By Jaime Lees
By Roy Kasten
By Melinda Cooper
By Jeremy Essig
By Roy Kasten
By Daniel Hill
By Chris Kornelis
By Gina Tron
It was the best damn funeral I've ever been to.
The crowd came to Cicero's Tuesday, April 13, to remember Nick Romanoff, guitarist for the Schwag and Jake's Leg (and the Magpies, the Mayberries and who knows how many other groups), who died in his sleep April 9 at age 46. While nothing seems to polarize music fans as much as hippie jam bands, you'd have to have lived under a Provel-sealed rock to have been in St. Louis and not brushed up against one of these groups over the past twenty-odd years. Love 'em or hate 'em, Jake's Leg and the Schwag are cultural institutions in this city. They proved they deserved the label Tuesday night at Cicero's, where the bands and their fans weathered a true loss with more aplomb and unity than I've ever seen at any funeral.
At the back of the room, Schwag business manager Rik Ebner confirmed that while Romanoff's ashes will be scattered at some later date, the Cicero's wake would be the nearest thing to a funeral for most of the people involved. He gestured to a guestbook fans were signing, next to a sign for a raffle to benefit Romanoff's family. (Proceeds from the night went to the family as well.) It was an oddly funereal object to find at a show, and I was going to talk to the woman signing the book. But then the Schwag hit the stage, and they demanded attention.
A flower-wreathed photo of Romanoff graced the stage, but that was the only clue you'd have of the event's somber origins. The band hit the ground running, playing a song everyone learned in Grateful Dead class in high school. With the band performing like they didn't know what death was, it was pretty hard not to get pulled into the nonstop rhythms and interplay.
One of the comforts of a funeral is the sense of continuity, and the hippie community has continuity in spades. Patchouli still smells like patchouli, hippie chicks still look adorable in their backless dresses and still stand in front of the stage hugging each other and doing that same dance their grandmothers did at Woodstock. The age range at Cicero's was as varied as a family Thanksgiving, from wizened Tommy Chong look-alikes to folks younger than the singers' dreadlocks. People may criticize the unchanging nature of the scene (cute hippie gals get a pass), but on a night like last Tuesday, it all made sense. Everyone who's out there getting funny haircuts and swearing allegiance to dancepunk (or whatever the new hip trend is tomorrow) might be on the cutting edge -- although why aping '80s hair metal is cooler than clinging to the '60s is beyond me. But if they died tomorrow, would the scene be able to pull together so triumphantly?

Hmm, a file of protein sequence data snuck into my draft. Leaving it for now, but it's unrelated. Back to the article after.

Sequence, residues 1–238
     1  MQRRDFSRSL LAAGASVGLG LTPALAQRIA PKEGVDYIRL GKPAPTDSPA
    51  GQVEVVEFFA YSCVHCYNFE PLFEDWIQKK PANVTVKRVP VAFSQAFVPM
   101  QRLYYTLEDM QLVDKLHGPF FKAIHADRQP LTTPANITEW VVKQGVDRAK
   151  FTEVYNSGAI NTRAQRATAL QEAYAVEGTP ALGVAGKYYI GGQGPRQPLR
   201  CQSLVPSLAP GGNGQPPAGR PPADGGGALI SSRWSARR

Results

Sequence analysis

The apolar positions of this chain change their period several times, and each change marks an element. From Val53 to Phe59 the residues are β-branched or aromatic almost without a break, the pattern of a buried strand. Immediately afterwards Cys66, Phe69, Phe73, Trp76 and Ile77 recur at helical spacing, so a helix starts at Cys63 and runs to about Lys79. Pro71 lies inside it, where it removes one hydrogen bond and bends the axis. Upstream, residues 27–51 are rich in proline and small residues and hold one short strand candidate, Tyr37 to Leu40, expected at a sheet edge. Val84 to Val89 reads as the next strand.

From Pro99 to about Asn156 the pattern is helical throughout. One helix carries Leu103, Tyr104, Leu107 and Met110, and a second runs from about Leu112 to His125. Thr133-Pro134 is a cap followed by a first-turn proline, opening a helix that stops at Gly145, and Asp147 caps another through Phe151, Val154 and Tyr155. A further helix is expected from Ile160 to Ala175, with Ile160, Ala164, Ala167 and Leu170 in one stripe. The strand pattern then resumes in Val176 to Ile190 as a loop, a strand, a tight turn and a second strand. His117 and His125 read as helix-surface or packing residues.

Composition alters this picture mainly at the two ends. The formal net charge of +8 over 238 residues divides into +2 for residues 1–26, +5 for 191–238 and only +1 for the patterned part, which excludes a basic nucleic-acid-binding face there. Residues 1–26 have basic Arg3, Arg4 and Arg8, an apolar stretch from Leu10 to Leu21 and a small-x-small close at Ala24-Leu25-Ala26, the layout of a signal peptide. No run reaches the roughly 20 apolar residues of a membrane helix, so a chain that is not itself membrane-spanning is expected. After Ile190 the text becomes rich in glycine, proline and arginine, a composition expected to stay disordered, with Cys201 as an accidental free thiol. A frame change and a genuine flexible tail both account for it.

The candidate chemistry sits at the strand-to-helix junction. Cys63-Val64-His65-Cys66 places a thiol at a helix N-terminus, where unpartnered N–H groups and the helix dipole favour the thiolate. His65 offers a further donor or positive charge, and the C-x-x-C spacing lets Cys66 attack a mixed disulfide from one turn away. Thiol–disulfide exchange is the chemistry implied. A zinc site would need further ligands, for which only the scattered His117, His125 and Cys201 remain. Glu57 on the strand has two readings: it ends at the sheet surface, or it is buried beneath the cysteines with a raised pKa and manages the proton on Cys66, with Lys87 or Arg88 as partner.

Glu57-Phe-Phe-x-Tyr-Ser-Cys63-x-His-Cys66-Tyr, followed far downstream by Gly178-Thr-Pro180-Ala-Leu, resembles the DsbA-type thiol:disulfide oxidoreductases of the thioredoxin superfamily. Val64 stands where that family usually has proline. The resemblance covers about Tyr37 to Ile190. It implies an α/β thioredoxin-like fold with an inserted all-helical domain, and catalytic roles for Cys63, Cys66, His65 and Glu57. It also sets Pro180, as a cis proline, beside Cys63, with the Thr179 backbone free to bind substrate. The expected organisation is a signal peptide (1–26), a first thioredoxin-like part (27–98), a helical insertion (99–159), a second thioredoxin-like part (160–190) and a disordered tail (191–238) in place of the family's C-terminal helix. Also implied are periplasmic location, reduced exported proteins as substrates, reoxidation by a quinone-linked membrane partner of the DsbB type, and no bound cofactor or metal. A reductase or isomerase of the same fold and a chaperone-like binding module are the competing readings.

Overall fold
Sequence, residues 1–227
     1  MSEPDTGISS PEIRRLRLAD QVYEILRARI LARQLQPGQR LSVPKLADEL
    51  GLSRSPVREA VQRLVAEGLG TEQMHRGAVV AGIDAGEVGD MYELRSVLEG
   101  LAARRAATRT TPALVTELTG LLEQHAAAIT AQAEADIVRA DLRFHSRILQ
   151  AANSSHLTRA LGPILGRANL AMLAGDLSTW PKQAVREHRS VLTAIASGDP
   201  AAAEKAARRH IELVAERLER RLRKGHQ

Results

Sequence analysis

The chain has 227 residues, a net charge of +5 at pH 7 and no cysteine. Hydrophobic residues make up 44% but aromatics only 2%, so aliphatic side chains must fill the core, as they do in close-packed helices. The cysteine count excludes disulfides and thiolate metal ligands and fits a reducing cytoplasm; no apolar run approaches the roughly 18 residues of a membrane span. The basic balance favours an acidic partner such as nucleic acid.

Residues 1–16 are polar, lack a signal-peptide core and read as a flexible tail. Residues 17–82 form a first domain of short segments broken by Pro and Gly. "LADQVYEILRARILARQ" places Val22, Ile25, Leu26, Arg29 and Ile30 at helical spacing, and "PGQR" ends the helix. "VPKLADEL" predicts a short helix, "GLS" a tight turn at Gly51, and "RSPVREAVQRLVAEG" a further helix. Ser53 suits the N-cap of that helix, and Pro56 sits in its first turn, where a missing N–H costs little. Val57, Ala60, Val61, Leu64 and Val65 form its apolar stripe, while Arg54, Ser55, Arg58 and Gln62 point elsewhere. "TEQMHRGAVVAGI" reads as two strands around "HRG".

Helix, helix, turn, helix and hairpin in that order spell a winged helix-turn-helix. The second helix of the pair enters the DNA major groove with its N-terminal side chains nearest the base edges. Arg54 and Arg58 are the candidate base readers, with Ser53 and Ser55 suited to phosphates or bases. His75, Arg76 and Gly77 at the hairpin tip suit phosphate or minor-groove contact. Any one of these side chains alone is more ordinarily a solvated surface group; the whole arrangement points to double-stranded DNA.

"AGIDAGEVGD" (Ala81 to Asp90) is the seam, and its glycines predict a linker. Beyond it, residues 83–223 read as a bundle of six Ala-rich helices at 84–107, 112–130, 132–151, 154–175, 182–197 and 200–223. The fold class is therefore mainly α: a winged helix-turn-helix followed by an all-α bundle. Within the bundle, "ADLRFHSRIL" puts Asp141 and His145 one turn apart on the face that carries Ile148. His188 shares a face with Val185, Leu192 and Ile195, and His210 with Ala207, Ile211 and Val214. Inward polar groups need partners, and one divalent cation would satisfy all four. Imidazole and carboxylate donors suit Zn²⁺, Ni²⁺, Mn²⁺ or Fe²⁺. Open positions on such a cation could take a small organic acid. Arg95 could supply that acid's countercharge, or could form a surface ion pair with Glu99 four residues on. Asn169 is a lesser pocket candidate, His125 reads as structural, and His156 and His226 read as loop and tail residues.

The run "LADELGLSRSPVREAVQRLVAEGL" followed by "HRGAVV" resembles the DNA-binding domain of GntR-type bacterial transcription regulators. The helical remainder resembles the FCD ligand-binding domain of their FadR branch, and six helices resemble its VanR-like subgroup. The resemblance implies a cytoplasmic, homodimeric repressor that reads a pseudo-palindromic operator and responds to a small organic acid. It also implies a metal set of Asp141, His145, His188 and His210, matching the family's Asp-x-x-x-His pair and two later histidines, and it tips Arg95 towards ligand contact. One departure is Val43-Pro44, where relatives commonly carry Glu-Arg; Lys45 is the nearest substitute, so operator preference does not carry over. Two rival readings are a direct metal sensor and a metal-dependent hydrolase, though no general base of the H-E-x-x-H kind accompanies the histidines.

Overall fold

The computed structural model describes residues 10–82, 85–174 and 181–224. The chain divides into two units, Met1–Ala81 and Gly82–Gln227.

By the end of the first set, Romanoff's memorial had reached capacity, and fans eager to pay tribute were waiting to get into the showroom. I never met Nick Romanoff, but I have to think that anyone who spent his life onstage the way Romanoff did would be pleased to know his funeral was standing-room only. Who could ask for more?
B-Sides: This week is chock-full of worthy shows, so spring off the couch and get out there. On the local front, the Highway Matrons celebrate their new disc Drivebysodomycarjacktragicaffair at the Way Out Club this Friday. Driveby is a pile driver of an LP, showing these south-city favorites in fine form. Speaking of new albums, legendary hardcore band Ultraman rocks the Hi-Pointe on Saturday in anticipation of a new CD next month. On the hip-hop front, the Mixx DJ Competition at the Pageant on Saturday promises some mean scratching (for more, see Critics' Picks). And if you've ever wanted Radiohead to become a rock band again and throw some glam sheen on its sound, go check out Dropsonic at the Rocket Bar Friday. Or, if you ever wanted Radiohead to become a slightly cheesy version of their former selves, you can take in Muse at Mississippi Nights next Wednesday.
Shawn T. Bell sent me a burned CD of his band Miles of Wire, an exceptional slice of rootsy rock. Vocalist Raphael Maurice's voice sounds a little like Uncle Tupelo-era Jeff Tweedy, and it's sweetly strained, especially on the gut-bucket rock numbers. The lyrics recall alt-country grit as well, such as when Maurice sings, "You and me, baby/Got a lot of drinkin' to do." But the sounds are more '80s rock -- no, the other '80s rock, that thread that bound the Replacements to Springsteen, a thread of passion and pure rock guitar. The disc sounds so out of time that when Maurice mentions the White Stripes in a song, it comes as a jarring misstep. But overall, if this is what Miles of Wire can accomplish with a burned CD, I look forward to whatever is coming next.